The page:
The filamentous fungus Hypocrea jecorina produces a number of cellulases and hemicellulases that act in a concerted fashion on biomass and degrade it into monomeric or oligomeric sugars. β-Glucosidases are involved in the last step of the degradation of cellulosic biomass and hydrolyse the β-glycosidic linkage between two adjacent molecules in dimers and oligomers of glucose. In this study, it is shown that substituting the β-glucosidase from H. jecorina (HjCel3A) with the β-glucosidase Cel3A from the thermophilic fungus Rasamsonia emersonii (ReCel3A) in enzyme mixtures results in increased efficiency in the saccharification of lignocellulosic materials. Biochemical characterization of ReCel3A, heterologously produced in H. jecorina, reveals a preference for disaccharide substrates over longer gluco-oligosaccharides. Crystallographic studies of ReCel3A revealed a highly N-glycosylated three-domain dimeric protein, as has been observed previously for glycoside hydrolase family 3 β-glucosidases. The increased thermal stability and saccharification yield and the superior biochemical characteristics of ReCel3A compared with HjCel3A and mixtures containing HjCel3A make ReCel3A an excellent candidate for addition to enzyme mixtures designed to operate at higher temperatures. PMID:27377383

  15. A thermophilic endo-1,4-β-glucanase from Talaromyces emersonii CBS394.64 with broad substrate specificity and great application potentials.

    PubMed

    Wang, Kun; Luo, Huiying; Bai, Yingguo; Shi, Pengjun; Huang, Huoqing; Xue, Xianli; Yao, Bin

    2014-08-01

    Thermophilic cellulases are of significant interest to the efficient conversion of plant cell wall polysaccharides into simple sugars. In this study, a thermophilic and thermostable endo-1,4-β-glucanase, TeEgl5A, was identified in the thermophilic fungus Talaromyces emersonii CBS394.64 and functionally expressed in Pichia pastoris. Purified recombinant TeEgl5A exhibits optimal activity at pH 4.5 and 90 °C. It is highly stable at 70 °C and over a broad pH range of 1.0-10.0, and shows strong resistance to most metal ions, sodium dodecyl sulfate (SDS), and proteases. TeEgl5A has broad substrate specificity and exhibits high activity on substrates containing β-1,4-glycosidic bonds and β-1,3-glycosidic bonds (barley β-glucan, laminarin, lichenan, CMC-Na, carob bean gum, and birchwood xylan). Under simulated mashing conditions, addition of 60 U TeEgl5A reduced more viscosity (10.0 vs.7.6 %) than 80 U of Ultraflo XL from Novozymes. These properties make TeEgl5A a good candidate for extensive application in the detergent, textile, feed, and food industries. PMID:24668246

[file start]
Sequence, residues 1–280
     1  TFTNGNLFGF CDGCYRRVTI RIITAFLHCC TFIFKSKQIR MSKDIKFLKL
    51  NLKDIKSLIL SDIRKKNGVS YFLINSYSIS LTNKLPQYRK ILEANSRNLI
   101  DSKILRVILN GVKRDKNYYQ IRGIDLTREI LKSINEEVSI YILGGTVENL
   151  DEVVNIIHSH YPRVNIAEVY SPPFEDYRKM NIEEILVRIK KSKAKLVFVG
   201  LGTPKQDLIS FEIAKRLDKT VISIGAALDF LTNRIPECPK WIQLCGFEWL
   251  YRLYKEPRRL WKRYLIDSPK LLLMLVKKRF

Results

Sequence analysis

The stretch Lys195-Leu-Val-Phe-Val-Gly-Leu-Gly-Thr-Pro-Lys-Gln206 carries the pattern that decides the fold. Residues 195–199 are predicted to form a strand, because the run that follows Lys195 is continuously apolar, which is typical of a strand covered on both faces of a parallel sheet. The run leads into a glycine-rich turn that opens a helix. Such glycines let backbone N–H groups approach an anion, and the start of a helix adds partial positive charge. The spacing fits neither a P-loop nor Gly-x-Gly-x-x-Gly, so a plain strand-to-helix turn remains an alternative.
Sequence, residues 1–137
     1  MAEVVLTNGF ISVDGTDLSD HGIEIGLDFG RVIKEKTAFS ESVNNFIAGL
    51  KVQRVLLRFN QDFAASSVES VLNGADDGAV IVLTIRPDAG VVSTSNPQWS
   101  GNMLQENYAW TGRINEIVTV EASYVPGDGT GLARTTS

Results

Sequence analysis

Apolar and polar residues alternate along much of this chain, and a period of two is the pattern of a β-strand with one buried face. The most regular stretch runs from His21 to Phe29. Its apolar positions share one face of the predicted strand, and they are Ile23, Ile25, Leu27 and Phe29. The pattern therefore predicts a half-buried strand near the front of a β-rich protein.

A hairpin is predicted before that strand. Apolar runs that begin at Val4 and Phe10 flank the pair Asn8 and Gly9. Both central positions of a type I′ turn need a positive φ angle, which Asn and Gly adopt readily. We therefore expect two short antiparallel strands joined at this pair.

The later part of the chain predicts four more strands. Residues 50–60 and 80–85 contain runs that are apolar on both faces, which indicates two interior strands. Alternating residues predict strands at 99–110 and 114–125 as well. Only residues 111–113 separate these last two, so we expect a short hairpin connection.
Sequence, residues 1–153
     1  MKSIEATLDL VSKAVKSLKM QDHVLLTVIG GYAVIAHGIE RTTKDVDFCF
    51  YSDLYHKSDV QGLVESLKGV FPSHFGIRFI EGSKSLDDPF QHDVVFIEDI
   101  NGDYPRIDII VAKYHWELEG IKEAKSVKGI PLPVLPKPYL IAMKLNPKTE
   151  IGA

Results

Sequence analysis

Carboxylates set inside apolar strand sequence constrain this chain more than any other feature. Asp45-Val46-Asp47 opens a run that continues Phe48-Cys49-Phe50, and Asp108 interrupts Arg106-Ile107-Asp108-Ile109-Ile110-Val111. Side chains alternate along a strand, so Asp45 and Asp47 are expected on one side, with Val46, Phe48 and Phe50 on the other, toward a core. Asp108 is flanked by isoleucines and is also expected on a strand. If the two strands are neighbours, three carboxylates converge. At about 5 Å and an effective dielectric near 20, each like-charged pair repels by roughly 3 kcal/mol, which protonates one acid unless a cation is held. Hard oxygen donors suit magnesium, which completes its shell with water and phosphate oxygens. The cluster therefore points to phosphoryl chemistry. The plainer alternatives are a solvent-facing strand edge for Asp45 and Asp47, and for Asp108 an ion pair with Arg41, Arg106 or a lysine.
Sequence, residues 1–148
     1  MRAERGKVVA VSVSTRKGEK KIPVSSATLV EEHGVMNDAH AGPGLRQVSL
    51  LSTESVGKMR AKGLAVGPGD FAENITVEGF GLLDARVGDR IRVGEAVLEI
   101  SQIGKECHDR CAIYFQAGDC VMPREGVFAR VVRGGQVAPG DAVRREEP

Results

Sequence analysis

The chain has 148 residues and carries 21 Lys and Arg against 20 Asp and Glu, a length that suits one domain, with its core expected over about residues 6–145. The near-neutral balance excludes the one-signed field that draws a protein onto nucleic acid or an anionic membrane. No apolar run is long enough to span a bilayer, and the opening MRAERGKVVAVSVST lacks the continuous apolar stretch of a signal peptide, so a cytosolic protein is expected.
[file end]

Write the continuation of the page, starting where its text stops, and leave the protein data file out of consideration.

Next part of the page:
16. The xylan-degrading enzyme system of Talaromyces emersonii: novel enzymes with activity against aryl beta-D-xylosides and unsubstituted xylans.

    PubMed Central

    Tuohy, M G; Puls, J; Claeyssens, M; Vrsanská, M; Coughlan, M P

    1993-01-01

    Talaromyces emersonii, a thermophilic aerobic fungus, produces a complete xylan-degrading enzyme system when grown on appropriate substrates. In this paper we present the physicochemical and catalytic properties of three enzymes, xylosidase (Xyl) I (M(r) 181,000; pI 8.9), II (M(r) 131,000; pI 5.3) and III (M(r) 54,200; pI 4.2). Xyl I and II appear to be dimeric and Xyl III is a single-subunit protein. All three enzymes catalyse the hydrolysis of aryl beta-D-xylosides and xylo-oligosaccharides. Xyl I is a classic beta-xylosidase (1,4-beta-D-xylan xylohydrolase; EC 3.2.1.37), and Xyl II and III are novel xylanases (endo-1,4-beta-D-xylan xylanohydrolase; EC 3.2.1.8) which we believe have not hitherto been reported. In addition to the above substrates, they also catalyse the extensive hydrolysis of unsubstituted xylans, and may have considerable biotechnological potential. The hydrolysis product profiles and bond-cleavage frequencies with various substrates are presented. PMID:8452541

  17. Structural and functional studies of the glycoside hydrolase family 3 β-glucosidase Cel3A from the moderately thermophilic fungus Rasamsonia emersonii

    PubMed Central

    Gudmundsson, Mikael; Hansson, Henrik; Karkehabadi, Saeid; Larsson, Anna; Stals, Ingeborg; Kim, Steve; Sunux, Sergio; Fujdala, Meredith; Larenas, Edmund; Kaper, Thijs; Sandgren, Mats